As we pack up our home of nearly 40 years, I’m eying the Google smart speaker in our bedroom, trying to decide whether to take it with us.
We call her “G.” If we didn’t — if we referred to her by her full name -- the hypervigilant device would wake up and start answering rhetorical questions such as “How can Mitch McConnell live with himself?” or “Why is it that in Boston there are always signs for the cross streets but never for the street you’re on?” When I wondered aloud where the hell my matching sock was, she dolefully responded, “Sorry, I can’t help you with that.” She recited the weather forecast when my husband pondered how much longer Queen Elizabeth would reign.
We acquired G to turn our bedroom closet light on and off. (Yes, despite her androgynous appearance — compact, round and ageless — we’ve given her a female pronoun, though I suspect that in a Zoom session, we’d see “(they/their)” next to G’s name.) Numerous attempts to replace the broken pull-string on the bare bulb that had been in there since the invention of electricity failed. The new cord would get stuck, leaving the light indefinitely shining or dark, and it became unwieldy to hold a flashlight in one hand while using the other to rummage around for those pants I could have sworn still fit properly, especially given that every pair of pants I own is black.
But G, paired with a special bulb and the Google Home app, let us simply command the closet light to turn on and off. It was a miraculous high-tech solution to a low-tech problem. And so G insinuated her way into our lives. Giddy with power, we eventually extended our dominion (okay, G’s dominion) to the coffee machine, telling it to awaken itself each morning well before we did.
When I wondered aloud where the hell my matching sock is, she would dolefully respond “Sorry, I can’t help you with that.”
The next thing you know, she offered to give us a daily briefing — no alerts about threats to our national security, but a chipper “Good morning,” followed by the weather forecast for the day, an itemization of every meeting and appointment on our calendars, and an entertainingly random set of news headlines from sources as diverse as ABC News and The Paducah Sun.
Soon we were relying on her to answer burning questions that arose as we tried in vain to sleep — questions like “Who wrote 'My Baby Does the Hanky Panky'?” or “What’s the difference between a possum and an opossum?” or “Why is the sign of the fish significant in Christianity?”
This dependence isn’t all bad. In fact, it’s helped me develop some better habits. For instance, G penalizes vagueness (“Who was Popeye’s friend?” yields several possible answers) and instead demands a precision and rigor all too often absent from contemporary discourse. (“Who was Popeye’s hamburger-eating friend?” is quickly and easily answered.) She forces us to pose questions that are devoid of either/or alternatives (“Are earworms more likely to be songs with or without lyrics?”) and instead are quantitative and direct (“What percentage of earworms have lyrics?”). Thanks to G’s unpredictable cluelessness, we’ve engaged in hours of creative problem-solving (and just when we want to do it, between the hours of 11:15 p.m. and why-even-bother-trying-to-sleep a.m.).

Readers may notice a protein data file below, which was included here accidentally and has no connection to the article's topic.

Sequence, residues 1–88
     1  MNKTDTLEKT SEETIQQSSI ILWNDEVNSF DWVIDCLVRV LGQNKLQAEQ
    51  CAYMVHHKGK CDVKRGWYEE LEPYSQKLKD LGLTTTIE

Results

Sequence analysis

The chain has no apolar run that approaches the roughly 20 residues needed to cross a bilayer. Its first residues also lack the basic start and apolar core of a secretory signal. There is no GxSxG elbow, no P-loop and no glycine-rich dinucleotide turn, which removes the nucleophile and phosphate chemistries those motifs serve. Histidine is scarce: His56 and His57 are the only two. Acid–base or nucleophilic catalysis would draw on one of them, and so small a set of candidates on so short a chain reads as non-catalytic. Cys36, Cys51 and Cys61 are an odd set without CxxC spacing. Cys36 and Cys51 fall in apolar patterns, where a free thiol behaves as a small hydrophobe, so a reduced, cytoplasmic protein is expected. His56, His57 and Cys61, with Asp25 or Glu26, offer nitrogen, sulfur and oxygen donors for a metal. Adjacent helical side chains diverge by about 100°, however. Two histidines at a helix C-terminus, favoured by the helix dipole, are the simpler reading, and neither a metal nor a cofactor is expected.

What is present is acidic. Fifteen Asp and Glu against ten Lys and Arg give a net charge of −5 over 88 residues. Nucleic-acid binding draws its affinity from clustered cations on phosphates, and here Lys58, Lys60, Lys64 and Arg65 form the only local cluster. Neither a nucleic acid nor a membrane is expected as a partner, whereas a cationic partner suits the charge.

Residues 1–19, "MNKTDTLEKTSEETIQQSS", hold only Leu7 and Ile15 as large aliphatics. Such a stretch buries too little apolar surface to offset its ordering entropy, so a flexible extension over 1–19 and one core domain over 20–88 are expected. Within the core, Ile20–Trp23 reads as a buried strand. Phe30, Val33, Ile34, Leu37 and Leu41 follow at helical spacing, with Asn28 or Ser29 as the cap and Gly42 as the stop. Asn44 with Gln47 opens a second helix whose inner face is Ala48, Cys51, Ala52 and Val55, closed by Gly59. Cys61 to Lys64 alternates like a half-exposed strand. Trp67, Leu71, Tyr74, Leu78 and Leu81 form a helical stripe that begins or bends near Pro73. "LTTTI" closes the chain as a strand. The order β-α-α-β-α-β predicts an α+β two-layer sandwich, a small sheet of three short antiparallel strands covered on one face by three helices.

We're not so much reinventing ourselves as returning to ourselves, to both the pace and values that marked the younger us.
But thanks to G, have we lost our capacity for delayed gratification? Are we like the undisciplined kids in Walter Mischel’s 1990 marshmallow test study, unable to resist the gooey delight in front of us despite the promise of a second one if we just wait 15 minutes? Or are we like the rich kids in the 2018 debunking of Mischel’s marshmallow test, willing and able to wait because marshmallows are as abundant as easy answers? (Hey Google, can “social science” rightly be called “science?”) Are we lords of a Smart Home or serfs of a lazy one?
This question has taken on greater urgency as we prepare to move to a smaller house in a co-housing community, far from the urban thrum. We're not so much reinventing ourselves as returning to ourselves, to both the pace and values that marked the younger us.
Back then, we were curious, which is not the same as “We demanded instant answers to stupid questions.” We were impatient, yes, but for big things like world peace, not for small things like the ingredients for Ina Garten’s Perfect Roast Chicken.
I wonder if and how those concurrent desires will co-exist as I age — the hunger for slow consideration and speedy resolution, for massive changes and small pleasures. I don’t know how to frame that question in a way that G will understand. But that’s just as well. I don’t want to hear her answer.
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